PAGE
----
Mt Baker Road Gap

I have eyed up the Mt Baker road gap for as long as I’ve skied at that mountain. Some day, I thought, that beast will go down. But its no trivial feat. The gap is 50-60 feet long and it steps down 15-25 feet from the takeoff to landing. It’s literally a large jump built on top of a cliff with a highway in the middle. This would take the right day, the right conditions, and the right crew.

When the day began, I had no idea we’d be gapping the road. In fact, I wasn’t even supposed to be in Washington state anymore. I had planned on going south to California a week prior, but I was enticed by another backcountry skiing trip in the Baker area. The same crew from the Mt St Helens trip – Corbin, Kelsi, and I – had planned on hiking and skiing Mt Baker summit, a massive glaciated peak over 11,000 feet in elevation. It was going to be the biggest mountain we’d ever attempted. However, the weather had a very different plan for us. A major winter storm hit, dumping feet upon feet of fresh snow on a poorly bonded interface, making travel in the backcountry treacherous and avalanche-prone. Coupled with the bad visibility, attempting to summit Mt Baker was unconsiderable. So I did what any ski bum would do and headed to the resort for some in-bounds powder laps.

The day was so sweet. Corbin and I shredded some familiar lines and dropped cliffs into waist deep snow. In less than 2 hours we had devoured so many sick lines that we literally had our fill. Then, just as we were about to drop again, I heard someone say “it’s open” and immediately knew they were talking about the Canyon. The Canyon is a really sweet terrain feature at Baker ski resort that has a large circular bowl that funnels into a steep narrow canyon. Its a terrible terrain trap, so ski patrol rarely opens it during storm cycles. But this day was the exception, and we were in perfect position to take first tracks down it. Without a moment’s hesitation we ducked the rope past the ski patroller flipping the sign from “closed” to “open” and swarmed the virgin snow. It was, without a doubt, the best in-bounds run I’ve had at Baker all year, probably ever.

Corbin and I cruised the whole way without stopping and re-grouped at the bottom. The line at chair 6 looked about 45 minutes long, apparently everyone just found out the Canyon was open. It was only noon, but we felt like we already had a full day. Unmotivated by the line, we decided to build a jump instead of waiting for more laps. Then the realization hit us, as if we’d both been thinking about it in the back of our heads for years but never had the right opportunity, we needed to go scope out the road gap. The decision was made.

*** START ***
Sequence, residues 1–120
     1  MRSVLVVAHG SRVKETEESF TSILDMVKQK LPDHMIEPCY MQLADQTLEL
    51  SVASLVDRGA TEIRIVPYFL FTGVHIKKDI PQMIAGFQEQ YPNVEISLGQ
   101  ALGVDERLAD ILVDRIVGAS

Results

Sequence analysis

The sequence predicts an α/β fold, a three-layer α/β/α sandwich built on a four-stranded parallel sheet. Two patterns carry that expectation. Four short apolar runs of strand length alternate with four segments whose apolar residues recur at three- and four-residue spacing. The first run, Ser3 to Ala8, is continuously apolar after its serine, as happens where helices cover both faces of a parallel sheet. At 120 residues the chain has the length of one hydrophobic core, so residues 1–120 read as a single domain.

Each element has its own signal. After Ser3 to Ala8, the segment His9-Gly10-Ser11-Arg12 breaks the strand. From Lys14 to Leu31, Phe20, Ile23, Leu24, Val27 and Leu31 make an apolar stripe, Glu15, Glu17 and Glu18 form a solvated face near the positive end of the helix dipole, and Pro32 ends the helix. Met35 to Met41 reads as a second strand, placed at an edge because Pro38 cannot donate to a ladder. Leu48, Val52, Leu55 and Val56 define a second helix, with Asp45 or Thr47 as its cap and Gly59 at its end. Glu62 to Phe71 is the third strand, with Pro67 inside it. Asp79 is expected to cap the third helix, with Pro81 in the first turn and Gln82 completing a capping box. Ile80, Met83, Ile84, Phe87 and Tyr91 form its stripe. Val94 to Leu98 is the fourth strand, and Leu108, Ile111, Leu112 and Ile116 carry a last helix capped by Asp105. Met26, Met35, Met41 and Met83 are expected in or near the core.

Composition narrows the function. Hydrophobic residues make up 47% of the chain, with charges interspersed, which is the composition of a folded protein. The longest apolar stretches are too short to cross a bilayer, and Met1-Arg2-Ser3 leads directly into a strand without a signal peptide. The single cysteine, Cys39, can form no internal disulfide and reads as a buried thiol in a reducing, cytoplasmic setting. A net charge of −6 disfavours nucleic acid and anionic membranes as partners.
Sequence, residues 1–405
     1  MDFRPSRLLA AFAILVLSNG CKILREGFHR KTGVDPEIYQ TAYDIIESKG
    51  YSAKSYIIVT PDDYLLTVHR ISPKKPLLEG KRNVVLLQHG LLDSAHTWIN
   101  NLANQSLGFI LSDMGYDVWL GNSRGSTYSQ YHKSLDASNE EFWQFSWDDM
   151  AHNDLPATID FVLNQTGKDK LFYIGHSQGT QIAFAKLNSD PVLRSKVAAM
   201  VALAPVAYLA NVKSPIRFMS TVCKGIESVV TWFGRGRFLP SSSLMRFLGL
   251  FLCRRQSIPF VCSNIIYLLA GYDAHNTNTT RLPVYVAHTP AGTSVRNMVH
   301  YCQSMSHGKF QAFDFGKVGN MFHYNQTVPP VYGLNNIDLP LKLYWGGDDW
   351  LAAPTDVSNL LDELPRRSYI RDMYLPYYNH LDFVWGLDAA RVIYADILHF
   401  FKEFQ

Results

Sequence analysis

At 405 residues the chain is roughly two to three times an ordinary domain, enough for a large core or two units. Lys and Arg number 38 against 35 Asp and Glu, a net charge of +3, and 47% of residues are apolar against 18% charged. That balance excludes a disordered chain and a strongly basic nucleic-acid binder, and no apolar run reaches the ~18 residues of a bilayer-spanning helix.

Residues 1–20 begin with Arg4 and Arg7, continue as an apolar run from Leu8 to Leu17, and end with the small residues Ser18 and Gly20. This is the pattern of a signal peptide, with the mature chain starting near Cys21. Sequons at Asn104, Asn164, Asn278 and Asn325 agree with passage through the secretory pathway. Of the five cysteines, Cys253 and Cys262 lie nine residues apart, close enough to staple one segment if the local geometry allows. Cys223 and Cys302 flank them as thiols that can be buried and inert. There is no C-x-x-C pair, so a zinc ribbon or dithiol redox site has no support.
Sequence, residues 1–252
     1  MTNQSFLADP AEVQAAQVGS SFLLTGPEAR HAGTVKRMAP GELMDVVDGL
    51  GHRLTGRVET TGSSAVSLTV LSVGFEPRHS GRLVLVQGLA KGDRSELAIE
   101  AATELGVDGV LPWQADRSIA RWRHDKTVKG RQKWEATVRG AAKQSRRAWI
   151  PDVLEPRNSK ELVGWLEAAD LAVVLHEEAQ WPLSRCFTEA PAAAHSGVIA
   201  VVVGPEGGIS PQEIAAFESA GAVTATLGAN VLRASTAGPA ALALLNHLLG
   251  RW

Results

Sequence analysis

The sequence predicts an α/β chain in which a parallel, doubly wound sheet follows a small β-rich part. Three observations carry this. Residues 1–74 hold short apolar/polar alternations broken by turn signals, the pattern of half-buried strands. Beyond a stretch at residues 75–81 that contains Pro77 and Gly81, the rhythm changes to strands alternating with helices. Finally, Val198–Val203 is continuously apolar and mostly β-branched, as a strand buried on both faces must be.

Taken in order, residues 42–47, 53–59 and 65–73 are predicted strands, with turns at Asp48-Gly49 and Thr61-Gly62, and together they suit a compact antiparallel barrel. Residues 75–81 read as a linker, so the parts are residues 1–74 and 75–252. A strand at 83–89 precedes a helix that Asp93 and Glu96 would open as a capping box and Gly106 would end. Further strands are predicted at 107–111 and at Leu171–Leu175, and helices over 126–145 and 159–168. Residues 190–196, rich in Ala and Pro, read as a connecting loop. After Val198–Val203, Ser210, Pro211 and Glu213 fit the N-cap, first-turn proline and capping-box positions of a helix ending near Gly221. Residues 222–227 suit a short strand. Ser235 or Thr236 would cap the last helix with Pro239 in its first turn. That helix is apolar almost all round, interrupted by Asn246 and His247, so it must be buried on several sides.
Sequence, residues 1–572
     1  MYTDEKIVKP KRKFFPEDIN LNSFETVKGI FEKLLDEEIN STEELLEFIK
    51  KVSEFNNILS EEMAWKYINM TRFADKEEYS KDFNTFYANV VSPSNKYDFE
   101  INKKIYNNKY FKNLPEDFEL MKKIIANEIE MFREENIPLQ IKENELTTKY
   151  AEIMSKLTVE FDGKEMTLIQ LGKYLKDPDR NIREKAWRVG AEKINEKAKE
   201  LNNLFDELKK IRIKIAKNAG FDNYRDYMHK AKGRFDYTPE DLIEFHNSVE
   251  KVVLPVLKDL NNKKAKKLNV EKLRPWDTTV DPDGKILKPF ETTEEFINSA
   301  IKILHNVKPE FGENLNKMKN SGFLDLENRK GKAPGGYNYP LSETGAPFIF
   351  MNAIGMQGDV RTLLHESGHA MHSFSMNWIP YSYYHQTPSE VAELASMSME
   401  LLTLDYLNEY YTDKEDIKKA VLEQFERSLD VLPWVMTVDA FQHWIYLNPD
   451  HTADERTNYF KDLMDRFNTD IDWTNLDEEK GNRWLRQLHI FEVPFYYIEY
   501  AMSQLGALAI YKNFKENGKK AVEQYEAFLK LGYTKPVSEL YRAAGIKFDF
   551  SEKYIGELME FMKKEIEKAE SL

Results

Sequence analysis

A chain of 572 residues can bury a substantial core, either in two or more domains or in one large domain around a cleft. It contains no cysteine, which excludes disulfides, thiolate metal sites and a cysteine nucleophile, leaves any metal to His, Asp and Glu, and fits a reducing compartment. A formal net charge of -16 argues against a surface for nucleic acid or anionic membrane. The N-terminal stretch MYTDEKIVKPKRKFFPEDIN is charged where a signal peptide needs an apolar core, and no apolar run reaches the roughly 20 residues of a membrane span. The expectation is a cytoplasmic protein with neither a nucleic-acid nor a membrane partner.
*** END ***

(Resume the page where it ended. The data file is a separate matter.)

There are two places to hit the road gap, and both had been hit earlier in the year. We found the old takeoff ramps, and took a guess at what the in-run would be. One side had a bigger cliff, but shorter gap. The other side had a longer gap, but less of a cliff, and more room to prepare yourself for takeoff. We decided we wanted to hit both, but we’d start with the shorter, longer one. If it went well we’d probably hit the taller one too. The spot we decided to hit was about 60 ft across with a 15 ft drop. We’d need to get a lot of speed to clear it.

We built the jump in no time. There was so much snow, and we were so motivated, that we built a jump bigger than my van in less than an hour. Our takeoff ramp was about 12 feet wide and 8 feet tall. The harder part was actually the in-run, since the fresh snow needed packed down from way uphill. About 3 hours into the process, we were ready to try it out. We each made 3 speed runs, getting a feel for how much speed we could get and comparing that to how much we thought we’d need. Each test run ended with the same conclusion, we need more speed. When we finally did hit the thing, we were starting way uphill in the ski resort, bombing full speed across a cat track, ducking the boundary rope, and cruising down our in-run max speed at the jump. We were finally confident we’d have enough speed.